US 4225550 A
Fine particles of acetylene end-capped polyimide oligomers are copression-molded at ambient temperature. The preformed moldings are cured without melting the resin by heating to an elevated temperature which is lower than the oligomer's melting point.
1. In a process for preparing a thermoset molding of an acetylene end-capped polyimide oligomer; the improvement which consists essentially of:
a. Filling a mold with acetylene end-capped polyimide oligomer particles of a size such that at least 50 weight % of said particles will pass through a 28-mesh screen (U.S. Standard),
b. Subjecting the particles to a pressure of at least about 50,000 psi at ambient temperature to prepare a preformed molding having a density of at least about 1.23 gms/ml, and
c. Removing the preformed molding from the mold and heating it to a temperature below the melting point of said oligomer for a period of time sufficient to cross link the molding;
where the acetylene end-capped polyimide oligomer has the structure: ##STR5## where n has an average value of from 1 to about 10, where each of R and R' is independently selected from the group consisting of a phenylene group, a naphthalene group, or ##STR6## where X is ##STR7## --CF2 --, or a bond, and where R" has the structure: ##STR8## and where X is as defined above.
2. A process of claim 1 in which the preformed molding is prepared by subjecting the resin particles to sufficient pressure to provide a preformed molding having a density of at least about 1.28 gms/ml.
3. A process of claim 1 or 2 in which the preformed molding is cured by being heated for a period of at least 12 hours at a temperature of at least about 170° C.
4. A process of claim 1 or 2 in which R has the structure: ##STR9## R' is a phenylene group, and R" has the structure: ##STR10##
U.S. Pat. Nos. 3,845,018 and 3,879,349 disclose certain acetylene end-capped polyimide oligomers. Moldings prepared from such resin have excellent physical properties which are largely retained at temperatures as high as 316° C. (600° F.).
These oligomers have very high melting points above 210° C. and require extended heating cycles to crosslink the resins to develop optimum physical properties. For these reasons, the molding cycles are long and moldings prepared from such oligomers are expensive.
The prior art discloses that it is necessary to employ high boiling solvents such as dimethylformamide (DMF) or N-methyl-2-pyrrolidone (NMP) to prepare these oligomers. Unless special precautions are employed to remove such solvents from the oligomers, residual solvent evolves when the oligomers are molded. This action frequently causes the moldings to crack and/or fracture. It also is observed that large moldings sometimes crack when they are post cured by being heated to 371° C. (700° F.) for extended periods of time, due to stresses caused by large changes in thermal expansion.
For the above reasons, there is a need in the art for improved processes for molding acetylene end-capped polyimide oligomers.
An improved process is provided for preparing moldings of acetylene end-capped polyimide oligomers. In the process, fine oligomer particles, at least 50 weight % of which will pass through a 28-mesh acreen (U.S. Standard) are subjected to a pressure of at least about 50,000 psi at ambient temperature to form a preformed molding having a density of at least about 1.23 gms/ml. The preformed molding then is heated to an elevated temperature of less than about 210° C. for a period of time sufficient to crosslink the molding.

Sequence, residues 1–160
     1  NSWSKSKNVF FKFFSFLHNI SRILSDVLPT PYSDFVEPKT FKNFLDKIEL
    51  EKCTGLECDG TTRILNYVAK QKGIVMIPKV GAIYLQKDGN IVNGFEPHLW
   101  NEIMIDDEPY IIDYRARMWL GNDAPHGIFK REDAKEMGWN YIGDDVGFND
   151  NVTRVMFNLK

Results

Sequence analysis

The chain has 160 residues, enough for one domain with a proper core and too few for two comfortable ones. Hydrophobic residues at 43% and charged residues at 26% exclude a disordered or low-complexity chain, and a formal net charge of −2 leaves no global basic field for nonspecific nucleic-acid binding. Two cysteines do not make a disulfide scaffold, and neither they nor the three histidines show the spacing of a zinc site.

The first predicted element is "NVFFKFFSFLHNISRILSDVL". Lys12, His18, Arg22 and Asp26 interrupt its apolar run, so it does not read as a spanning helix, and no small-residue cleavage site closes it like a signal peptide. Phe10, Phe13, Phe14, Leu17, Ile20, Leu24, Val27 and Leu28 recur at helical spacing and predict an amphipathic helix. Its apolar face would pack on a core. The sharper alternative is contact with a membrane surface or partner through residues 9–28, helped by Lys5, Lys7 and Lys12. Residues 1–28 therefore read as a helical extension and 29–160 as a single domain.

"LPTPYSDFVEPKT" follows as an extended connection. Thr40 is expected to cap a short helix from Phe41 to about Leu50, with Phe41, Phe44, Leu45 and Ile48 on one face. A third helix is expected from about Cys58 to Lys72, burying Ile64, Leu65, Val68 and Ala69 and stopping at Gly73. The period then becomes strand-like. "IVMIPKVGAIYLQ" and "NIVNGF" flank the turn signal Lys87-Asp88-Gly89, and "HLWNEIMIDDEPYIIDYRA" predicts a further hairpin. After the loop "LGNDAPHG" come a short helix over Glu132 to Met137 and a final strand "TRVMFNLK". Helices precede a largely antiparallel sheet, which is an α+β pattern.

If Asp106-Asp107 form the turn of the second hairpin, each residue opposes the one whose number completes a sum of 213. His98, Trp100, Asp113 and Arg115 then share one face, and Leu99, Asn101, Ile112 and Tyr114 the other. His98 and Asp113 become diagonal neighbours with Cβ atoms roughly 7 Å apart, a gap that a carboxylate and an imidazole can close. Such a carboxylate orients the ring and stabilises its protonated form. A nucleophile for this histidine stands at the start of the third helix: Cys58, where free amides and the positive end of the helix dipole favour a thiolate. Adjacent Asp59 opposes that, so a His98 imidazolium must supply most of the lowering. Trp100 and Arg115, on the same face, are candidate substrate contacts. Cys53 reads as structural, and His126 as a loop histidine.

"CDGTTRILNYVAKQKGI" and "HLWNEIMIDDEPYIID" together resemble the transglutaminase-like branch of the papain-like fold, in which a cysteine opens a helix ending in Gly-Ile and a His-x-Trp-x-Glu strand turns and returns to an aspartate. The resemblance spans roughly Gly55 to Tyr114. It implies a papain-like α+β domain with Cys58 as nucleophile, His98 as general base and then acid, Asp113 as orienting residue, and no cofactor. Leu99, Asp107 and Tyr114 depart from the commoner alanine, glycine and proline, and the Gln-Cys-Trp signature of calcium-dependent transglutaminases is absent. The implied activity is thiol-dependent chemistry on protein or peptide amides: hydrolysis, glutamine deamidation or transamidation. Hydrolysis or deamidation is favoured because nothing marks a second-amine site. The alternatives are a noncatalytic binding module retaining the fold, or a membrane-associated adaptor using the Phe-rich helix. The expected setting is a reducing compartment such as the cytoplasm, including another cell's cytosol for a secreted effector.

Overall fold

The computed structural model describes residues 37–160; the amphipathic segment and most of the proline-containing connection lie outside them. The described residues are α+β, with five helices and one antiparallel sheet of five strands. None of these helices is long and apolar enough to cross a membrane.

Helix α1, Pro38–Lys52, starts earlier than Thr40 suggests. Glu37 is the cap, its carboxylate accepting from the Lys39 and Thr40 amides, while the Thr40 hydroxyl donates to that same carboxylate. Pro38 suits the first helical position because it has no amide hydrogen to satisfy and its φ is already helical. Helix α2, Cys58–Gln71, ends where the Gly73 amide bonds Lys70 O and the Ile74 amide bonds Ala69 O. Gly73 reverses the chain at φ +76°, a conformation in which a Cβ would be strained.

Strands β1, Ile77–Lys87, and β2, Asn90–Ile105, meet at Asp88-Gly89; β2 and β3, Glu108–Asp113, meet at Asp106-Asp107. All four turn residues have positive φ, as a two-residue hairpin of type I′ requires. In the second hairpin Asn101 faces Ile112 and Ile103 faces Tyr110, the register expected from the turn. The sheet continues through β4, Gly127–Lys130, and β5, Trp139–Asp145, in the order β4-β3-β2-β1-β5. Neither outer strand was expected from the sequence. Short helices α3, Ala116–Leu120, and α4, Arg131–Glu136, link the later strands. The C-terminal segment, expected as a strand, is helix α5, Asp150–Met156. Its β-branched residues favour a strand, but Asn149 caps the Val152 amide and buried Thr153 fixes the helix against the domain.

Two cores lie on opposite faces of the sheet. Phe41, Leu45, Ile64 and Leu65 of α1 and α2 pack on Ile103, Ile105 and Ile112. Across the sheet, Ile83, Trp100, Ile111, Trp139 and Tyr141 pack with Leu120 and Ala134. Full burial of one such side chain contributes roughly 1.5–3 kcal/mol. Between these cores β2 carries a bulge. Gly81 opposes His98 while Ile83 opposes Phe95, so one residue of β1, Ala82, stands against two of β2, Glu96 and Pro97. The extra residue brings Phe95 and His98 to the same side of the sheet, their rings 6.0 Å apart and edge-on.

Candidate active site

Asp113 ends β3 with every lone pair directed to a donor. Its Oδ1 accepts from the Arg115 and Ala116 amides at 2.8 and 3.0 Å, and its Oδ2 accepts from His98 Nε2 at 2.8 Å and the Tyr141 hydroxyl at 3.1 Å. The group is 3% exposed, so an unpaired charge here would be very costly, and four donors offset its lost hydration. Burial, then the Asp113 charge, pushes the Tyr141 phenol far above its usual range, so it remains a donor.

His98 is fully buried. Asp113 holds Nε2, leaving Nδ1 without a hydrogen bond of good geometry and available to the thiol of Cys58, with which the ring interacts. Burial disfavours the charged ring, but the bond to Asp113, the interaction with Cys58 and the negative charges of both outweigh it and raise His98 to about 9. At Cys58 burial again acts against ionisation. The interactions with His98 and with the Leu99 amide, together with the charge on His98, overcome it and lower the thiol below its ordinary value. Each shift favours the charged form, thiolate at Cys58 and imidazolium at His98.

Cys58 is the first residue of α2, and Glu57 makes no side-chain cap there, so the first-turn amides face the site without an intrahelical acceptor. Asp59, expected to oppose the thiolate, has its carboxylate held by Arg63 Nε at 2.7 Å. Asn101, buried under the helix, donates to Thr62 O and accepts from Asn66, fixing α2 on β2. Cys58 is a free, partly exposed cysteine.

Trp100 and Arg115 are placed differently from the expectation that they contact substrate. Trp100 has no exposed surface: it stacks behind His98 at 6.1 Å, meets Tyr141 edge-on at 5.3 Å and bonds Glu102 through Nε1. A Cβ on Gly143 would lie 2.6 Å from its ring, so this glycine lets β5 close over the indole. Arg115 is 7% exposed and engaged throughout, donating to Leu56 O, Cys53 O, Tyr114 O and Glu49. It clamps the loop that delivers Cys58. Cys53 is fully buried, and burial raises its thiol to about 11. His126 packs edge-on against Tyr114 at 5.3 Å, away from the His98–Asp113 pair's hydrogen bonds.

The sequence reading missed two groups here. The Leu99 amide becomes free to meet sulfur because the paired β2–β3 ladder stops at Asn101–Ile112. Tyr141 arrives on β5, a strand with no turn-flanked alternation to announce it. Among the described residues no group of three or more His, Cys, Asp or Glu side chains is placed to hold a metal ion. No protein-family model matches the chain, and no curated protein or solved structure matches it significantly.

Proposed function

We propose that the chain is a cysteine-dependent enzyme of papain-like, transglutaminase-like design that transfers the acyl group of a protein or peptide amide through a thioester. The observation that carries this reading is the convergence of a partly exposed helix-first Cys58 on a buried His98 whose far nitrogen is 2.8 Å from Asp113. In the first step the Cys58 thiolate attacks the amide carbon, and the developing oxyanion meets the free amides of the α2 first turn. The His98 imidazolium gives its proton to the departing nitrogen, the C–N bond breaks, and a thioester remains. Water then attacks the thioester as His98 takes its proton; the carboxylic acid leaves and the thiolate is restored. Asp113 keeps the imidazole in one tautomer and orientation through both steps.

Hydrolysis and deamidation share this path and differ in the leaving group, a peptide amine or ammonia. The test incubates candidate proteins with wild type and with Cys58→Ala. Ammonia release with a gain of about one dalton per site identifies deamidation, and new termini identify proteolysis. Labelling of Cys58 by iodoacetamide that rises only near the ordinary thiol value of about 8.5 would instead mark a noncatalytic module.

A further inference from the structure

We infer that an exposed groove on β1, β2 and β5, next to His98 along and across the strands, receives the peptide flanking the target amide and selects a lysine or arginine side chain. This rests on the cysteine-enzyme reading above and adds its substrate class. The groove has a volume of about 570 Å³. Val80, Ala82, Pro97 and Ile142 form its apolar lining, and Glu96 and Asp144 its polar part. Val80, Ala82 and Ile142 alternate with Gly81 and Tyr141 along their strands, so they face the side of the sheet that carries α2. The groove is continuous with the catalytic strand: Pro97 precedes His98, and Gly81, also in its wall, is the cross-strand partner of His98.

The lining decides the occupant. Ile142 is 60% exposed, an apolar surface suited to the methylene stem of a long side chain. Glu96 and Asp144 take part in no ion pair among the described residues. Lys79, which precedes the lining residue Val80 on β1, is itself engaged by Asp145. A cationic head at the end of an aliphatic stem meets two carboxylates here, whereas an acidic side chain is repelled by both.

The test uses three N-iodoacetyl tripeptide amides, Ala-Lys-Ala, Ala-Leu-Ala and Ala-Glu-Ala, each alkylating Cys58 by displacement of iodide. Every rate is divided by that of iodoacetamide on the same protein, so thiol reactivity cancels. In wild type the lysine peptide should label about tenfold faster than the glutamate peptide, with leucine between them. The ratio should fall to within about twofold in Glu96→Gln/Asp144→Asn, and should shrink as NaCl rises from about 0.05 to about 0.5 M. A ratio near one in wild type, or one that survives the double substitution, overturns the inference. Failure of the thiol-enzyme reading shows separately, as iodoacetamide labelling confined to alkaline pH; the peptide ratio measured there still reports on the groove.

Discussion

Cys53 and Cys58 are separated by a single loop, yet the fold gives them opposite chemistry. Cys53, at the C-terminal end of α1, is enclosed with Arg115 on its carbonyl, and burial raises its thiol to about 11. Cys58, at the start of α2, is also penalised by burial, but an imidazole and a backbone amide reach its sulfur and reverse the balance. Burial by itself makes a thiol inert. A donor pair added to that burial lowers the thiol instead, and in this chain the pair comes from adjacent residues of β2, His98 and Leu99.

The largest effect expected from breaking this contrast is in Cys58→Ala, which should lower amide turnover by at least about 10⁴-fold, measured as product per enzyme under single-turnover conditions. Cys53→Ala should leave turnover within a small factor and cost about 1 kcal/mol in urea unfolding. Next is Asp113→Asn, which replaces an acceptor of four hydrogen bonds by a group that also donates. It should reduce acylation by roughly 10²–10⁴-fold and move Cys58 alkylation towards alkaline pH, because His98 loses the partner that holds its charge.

An essential feature of the invention is that fine particles of the acetylene end-capped polyimide oligomers are compression-molded to prepare a preform of the finished part that has a desirably high density. The preformed molding consists of a multitude of tiny resin particles which are bonded together at their touching surfaces by physical forces. The preformed molding, however, is slightly porous so that any vapors liberated in the second step of the process can escape without causing cracks, blisters or fractures to develop in the molding.
The acetylene end-capped polyimide oligomer is ground to a particle size such that at least 50 weight % of the resin particles will pass through a 28-mesh and preferably a 60-mesh screen (U.S. Standard). The particles preferably will be as uniform in size as can be obtained on a practical basis.
The female section of the mold will be filled with the resin particles and lightly compacted to fill all sections before the mold is sealed and pressurized with the male mold member. The minimum molding pressure required will depend somewhat upon the mold configuration and the resin particle size. In all cases, the pressure employed will be sufficient to prepare a preformed molding having a density of at least about 1.23 and preferably at least about 1.28 gms/ml. With most molds, a pressure of above 50,000 and preferably about 75,000 psi is employed.
The density of the preformed molding also is affected by the molding temperature, with higher densities being obtained as the mold temperature is increased. It is preferred, however, to run the compression molding step at substantially ambient temperature and to control the preformed molding density by control of the resin particle size (small particles give higher densities-other factors being held constant) and the molding pressure-with higher pressures giving higher densities, other factors being held constant.
Very short molding cycles can be employed in preparing the preformed moldings. With simple shapes, cycles as short as 5 seconds may suffice. With more complex mold shapes, cycles as long as 60 seconds may be employed to assure even compaction throughout the part. While longer cycles can be employed, no significant advantages are obtained thereby.
The preformed moldings, prepared as described above, then are cured by heating to a temperature below the melting point of the oligomer, preferably less than about 210° C. and especially less than about 180° C. The control of temperature is a critical element in the process. By operating below the melting point of the oligomer, the resins particles do not melt. The acetylene end groups of the oligomer will cross link at temperatures as low as 140°-150° C. When heated to these temperatures, acetylene end groups at the surface of the resin particles will inter-react with and cross link with acetylene end groups on the surface of touching resin particles. Thus, a network of cross-links will be established throughout the entire molding to provide a molded part having good physical properties. The strength of the finished part will depend principally on the density of the preformed molding. The higher this density, the greater the strength of the finished molding. The time cycle and the temperature employed can be varied widely, but suitable conditions can be established with a relatively few tests for any given shape of molding. Heating for 8 hours at 170° C. followed by 4 hours at 180° C. is suitable for most moldings.